The PC connected to the Ethernet adapter was assigned an IPv6 address as well as a shared IPv4 address instead of a private IPv4 in normal mode. Similar to private IPv4 addresses, PCs assigned this IPv4 address can connect to the Internet, but cannot connect from the Internet. A shared IPv4 address is an address that is assigned more to the Internet than a private IPv4 address, and seems to allow for more simultaneous connections.
Remote access of Starlink using a microcomputer
According to Mr. Taniguchi’s article, I tried building a redundant VPN for 171 yen per month using Starlink and the cloud (in Japanese), we try to enable remote access of Starlink installed in a location with good visibility.
Using Raspberry Pi 3B as a microcontroller, we aim to use a firewall such as
iptables, two-way remote use using
wireguard VPN, and web access using a
squid proxy server.
At the Starlink side, I connected Starlink and Raspberry Pi directly via Ethernet and supplied power to both. On the other hand of this home router side, the home router assigned a fixed IP address that could be connected to from the Internet, and it is assumed that ``wireguard’’ can be executed inside or outside the home router. Since it is not possible to connect from the Internet side to the starlink dish side, the VPN is a one-way connection from the starlink dish side to the home router side.
Also, to use the VPN, you will need to turn on IP forwarding in the Linux kernel. Knowledge of firewalls and the Internet is required. I can’t give you an example of how to set it up or disclose the internal address, as it would be a security hole.
The validity period of an IP address using DHCP is short, about 3 to 5 minutes. An example of an IP route assigned by DHCP to this Raspberry Pi is as follows.
$ ip r
default via 100.64.0.1 dev eth0 proto dhcp src 100.123.76.185 metric 99
xxx.xxx.xxx.0/24 dev wg0 scope link
34.120.255.xxx dev eth0 proto dhcp scope link src 100.123.76.185 metric 99
100.64.0.0/10 dev eth0 proto kernel scope link src 100.123.76.185 metric 99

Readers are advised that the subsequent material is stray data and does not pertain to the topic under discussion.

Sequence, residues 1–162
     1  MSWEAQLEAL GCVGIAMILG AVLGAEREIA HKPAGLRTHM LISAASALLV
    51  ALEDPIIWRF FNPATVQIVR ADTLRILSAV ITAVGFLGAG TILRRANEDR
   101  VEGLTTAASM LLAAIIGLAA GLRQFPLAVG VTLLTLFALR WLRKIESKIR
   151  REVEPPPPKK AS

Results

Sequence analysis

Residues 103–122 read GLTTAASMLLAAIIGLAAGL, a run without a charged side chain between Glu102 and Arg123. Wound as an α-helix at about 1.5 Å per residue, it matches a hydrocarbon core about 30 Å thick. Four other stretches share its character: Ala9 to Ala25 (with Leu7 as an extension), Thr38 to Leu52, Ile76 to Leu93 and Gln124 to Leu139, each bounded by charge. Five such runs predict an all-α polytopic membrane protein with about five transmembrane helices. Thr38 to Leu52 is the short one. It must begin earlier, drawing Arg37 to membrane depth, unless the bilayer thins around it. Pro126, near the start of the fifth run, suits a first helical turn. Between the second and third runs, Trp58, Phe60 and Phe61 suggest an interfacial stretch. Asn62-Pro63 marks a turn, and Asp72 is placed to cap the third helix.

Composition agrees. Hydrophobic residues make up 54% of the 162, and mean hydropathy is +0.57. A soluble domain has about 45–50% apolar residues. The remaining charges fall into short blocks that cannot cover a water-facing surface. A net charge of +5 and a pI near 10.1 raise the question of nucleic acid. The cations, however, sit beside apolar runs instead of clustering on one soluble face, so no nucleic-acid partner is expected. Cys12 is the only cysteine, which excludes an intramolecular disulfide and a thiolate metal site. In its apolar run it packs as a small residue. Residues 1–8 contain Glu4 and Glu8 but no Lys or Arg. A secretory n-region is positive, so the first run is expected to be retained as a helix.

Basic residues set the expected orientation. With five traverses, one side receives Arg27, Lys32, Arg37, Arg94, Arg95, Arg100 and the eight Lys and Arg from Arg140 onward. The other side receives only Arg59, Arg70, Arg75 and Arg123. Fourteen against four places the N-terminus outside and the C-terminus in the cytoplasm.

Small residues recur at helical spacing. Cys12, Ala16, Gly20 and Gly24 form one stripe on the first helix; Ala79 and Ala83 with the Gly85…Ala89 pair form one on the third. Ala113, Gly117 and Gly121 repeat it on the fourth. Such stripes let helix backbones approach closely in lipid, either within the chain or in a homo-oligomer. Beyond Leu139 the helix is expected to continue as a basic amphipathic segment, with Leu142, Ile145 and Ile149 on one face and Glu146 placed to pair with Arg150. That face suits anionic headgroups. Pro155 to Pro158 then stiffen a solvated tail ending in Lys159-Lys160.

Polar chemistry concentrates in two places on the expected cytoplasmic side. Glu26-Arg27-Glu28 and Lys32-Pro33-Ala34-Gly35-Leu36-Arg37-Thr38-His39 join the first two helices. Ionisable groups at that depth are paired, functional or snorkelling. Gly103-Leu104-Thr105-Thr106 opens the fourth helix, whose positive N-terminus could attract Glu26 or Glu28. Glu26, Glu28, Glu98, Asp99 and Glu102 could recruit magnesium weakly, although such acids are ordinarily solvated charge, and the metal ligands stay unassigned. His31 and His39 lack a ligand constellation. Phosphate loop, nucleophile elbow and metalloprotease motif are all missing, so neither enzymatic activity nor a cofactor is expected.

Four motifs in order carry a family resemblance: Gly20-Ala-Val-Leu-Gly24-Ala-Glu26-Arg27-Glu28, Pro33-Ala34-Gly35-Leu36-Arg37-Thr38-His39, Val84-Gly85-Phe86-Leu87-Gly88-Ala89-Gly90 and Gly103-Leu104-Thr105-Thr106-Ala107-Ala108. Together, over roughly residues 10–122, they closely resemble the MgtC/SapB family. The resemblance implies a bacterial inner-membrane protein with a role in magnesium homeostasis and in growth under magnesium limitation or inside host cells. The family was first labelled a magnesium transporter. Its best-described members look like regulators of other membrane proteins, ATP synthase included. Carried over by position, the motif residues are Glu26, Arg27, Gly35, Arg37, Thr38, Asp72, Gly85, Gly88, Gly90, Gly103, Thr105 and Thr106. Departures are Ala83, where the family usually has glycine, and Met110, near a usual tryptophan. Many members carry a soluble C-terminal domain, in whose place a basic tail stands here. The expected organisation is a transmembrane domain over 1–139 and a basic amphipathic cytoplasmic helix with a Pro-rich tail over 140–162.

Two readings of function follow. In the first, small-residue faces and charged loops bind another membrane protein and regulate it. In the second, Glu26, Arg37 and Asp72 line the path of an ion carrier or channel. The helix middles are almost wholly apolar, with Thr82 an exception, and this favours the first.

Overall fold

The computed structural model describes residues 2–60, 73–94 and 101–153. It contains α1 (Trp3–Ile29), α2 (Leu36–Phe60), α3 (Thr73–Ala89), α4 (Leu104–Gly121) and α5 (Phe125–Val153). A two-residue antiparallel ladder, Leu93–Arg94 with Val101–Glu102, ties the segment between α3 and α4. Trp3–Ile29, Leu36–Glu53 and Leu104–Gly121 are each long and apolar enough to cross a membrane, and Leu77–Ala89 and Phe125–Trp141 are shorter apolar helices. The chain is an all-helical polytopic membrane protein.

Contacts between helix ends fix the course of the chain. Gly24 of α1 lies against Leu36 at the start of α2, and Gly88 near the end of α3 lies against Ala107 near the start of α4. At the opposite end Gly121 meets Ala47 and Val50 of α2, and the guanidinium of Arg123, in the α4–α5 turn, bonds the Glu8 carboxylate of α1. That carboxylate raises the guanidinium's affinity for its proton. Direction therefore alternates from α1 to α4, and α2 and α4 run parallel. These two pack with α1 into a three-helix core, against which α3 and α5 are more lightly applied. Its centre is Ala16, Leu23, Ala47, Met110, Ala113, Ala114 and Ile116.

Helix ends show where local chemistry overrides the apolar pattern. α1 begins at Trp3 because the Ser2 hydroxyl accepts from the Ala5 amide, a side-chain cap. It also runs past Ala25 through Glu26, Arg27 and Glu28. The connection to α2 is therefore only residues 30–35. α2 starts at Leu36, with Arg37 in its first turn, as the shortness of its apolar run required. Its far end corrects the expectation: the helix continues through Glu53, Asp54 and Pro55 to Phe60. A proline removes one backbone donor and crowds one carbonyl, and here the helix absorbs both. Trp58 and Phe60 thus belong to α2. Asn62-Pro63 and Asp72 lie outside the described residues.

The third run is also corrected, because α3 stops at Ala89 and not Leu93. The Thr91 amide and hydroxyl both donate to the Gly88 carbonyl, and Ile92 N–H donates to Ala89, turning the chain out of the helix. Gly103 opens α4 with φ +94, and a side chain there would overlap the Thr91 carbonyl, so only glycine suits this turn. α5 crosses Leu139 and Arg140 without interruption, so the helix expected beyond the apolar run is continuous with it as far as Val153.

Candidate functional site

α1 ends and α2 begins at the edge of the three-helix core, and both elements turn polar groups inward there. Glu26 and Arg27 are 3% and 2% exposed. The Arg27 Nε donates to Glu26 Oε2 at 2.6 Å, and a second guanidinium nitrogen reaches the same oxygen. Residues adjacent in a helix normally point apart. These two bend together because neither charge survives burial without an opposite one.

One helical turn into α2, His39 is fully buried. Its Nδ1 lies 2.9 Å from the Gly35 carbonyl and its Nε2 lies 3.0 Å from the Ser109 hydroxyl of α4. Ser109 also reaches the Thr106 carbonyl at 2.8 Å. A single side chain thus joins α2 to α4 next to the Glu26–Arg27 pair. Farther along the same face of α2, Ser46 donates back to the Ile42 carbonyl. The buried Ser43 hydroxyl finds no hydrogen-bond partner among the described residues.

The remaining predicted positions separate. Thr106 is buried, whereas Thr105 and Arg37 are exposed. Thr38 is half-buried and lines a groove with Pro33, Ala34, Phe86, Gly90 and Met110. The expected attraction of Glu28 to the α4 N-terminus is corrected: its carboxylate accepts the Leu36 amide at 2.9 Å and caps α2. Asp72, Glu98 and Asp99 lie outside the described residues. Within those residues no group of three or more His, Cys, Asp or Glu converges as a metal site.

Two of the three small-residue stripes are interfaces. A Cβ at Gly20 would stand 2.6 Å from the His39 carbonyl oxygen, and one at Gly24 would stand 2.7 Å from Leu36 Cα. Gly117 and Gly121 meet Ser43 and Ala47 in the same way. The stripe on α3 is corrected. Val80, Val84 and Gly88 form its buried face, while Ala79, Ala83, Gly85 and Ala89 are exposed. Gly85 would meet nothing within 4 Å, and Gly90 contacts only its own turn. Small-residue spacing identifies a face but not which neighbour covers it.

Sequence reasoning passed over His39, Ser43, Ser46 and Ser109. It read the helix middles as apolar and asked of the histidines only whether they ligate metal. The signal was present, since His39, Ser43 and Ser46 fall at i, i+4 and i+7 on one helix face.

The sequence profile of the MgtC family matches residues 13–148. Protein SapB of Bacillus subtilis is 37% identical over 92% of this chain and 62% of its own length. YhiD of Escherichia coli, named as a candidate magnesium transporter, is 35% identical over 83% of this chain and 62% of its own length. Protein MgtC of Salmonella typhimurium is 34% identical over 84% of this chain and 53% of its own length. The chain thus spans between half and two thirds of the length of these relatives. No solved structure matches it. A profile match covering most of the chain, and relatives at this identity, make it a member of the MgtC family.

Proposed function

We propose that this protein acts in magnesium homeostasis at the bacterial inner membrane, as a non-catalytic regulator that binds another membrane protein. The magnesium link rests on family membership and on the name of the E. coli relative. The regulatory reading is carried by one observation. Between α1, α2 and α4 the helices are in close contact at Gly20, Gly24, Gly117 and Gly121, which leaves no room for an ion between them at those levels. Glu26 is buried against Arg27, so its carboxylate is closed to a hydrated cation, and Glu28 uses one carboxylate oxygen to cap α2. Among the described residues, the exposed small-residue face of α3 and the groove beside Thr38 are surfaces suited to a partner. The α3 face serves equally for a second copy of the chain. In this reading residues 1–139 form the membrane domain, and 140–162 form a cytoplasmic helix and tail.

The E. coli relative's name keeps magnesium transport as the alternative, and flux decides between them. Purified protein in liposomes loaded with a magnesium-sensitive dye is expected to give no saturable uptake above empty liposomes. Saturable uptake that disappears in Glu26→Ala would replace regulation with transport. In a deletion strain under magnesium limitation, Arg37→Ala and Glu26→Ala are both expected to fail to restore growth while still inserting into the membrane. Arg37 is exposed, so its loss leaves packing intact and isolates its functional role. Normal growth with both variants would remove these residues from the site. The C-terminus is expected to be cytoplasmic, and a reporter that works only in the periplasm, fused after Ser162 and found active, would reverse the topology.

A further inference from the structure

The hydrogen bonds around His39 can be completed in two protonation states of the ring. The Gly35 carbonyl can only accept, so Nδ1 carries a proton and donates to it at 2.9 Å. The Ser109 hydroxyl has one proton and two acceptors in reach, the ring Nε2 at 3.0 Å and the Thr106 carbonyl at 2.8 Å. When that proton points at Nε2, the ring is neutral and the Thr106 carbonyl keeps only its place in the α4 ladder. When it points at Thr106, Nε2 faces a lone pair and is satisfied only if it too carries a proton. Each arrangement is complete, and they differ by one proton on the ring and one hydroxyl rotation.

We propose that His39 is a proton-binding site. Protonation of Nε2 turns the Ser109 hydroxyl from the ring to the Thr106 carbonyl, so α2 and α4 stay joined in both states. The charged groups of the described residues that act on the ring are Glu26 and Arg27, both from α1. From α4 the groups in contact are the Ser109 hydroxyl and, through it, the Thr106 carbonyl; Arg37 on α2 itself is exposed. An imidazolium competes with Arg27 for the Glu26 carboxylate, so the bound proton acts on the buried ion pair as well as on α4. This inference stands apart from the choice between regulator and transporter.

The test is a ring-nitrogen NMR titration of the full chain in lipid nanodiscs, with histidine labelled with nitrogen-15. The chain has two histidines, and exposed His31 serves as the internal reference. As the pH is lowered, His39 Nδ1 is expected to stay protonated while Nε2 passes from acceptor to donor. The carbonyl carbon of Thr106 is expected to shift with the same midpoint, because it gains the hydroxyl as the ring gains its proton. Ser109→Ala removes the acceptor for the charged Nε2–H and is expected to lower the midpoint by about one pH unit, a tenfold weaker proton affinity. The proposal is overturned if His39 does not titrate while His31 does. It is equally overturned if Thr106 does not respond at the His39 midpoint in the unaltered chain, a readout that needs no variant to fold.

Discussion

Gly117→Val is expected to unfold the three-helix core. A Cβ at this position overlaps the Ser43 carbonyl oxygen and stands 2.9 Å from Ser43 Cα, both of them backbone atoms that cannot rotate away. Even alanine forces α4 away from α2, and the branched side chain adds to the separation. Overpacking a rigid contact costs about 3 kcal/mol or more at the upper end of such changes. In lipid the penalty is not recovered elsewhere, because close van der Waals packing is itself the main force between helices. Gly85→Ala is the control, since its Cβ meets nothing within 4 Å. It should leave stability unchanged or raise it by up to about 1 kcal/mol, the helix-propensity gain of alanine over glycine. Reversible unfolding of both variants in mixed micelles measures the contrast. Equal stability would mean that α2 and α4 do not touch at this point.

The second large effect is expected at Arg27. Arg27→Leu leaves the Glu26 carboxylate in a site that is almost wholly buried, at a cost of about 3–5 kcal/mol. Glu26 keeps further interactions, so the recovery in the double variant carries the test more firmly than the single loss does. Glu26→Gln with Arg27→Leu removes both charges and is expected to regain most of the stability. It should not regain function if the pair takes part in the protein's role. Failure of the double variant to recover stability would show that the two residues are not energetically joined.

192.168.100.1 dev eth0 proto dhcp scope link src 100.123.76.185 metric 99
$ ip -6 r
2406:2d40:3000:5777::/64 dev eth0 proto ra metric 99 pref medium
fe80::/64 dev eth0 proto kernel metric 1024 pref medium
default via fe80::200:5eff:fe00:101 dev eth0 proto ra metric 99 pref medium
In this example, a route is assigned to the mysterious IP address
34.120.255.xxx. This address changes frequently. When I checked the IP address here using the
host command, I found that it was *.bc.googleusercontent.com, that of Google’s server.
You can remotely monitor the operating status of starlink dish by accessing
http://dishy.starlink.com/ from the home router PC via
squid. This IP address is a private address of 192.168.100.1 and has an IP route assigned by DHCP from starlink dish.
Unfortunately, the statistics information button is grayed out and unavailable in this display. The speed test button is also unavailable, leaving me with no way to evaluate speed between Starlink Dish and Starlink networks. Press the visibility button to display the starlink dish obstacle evaluation results. Here, visibility was rated almost perfect.
Let’s graph the delay time changes between the home router and starlink dish using SmokePing.
This is the statistics of the round trip time (RTT) from both ends of the VPN from the Starlink Dish installation location in Hiroshima to my home in Hiroshima.
The measurement method is to perform pings 20 times in a row, once every 5 minutes. Here, I am using an IPv6 address as the VPN route.
At times we have observed large RTTs of over 150 ms and large packet losses of around 50 percent, but most of the time we have seen RTTs of around 80 ms and packet losses of between 0 and 5 percent. I don’t think there will be any major problems with normal web browsing or video viewing.
I resumed using Starlink and tried using bypass mode remotely. There are no maintenance fees even when your plan is suspended, and we can now move between plans. Starlink is updated daily, so the content written here may become outdated quickly, but it doesn’t seem to be a bad thing for users. I think we are living in a better era as satellite internet is now available at low cost.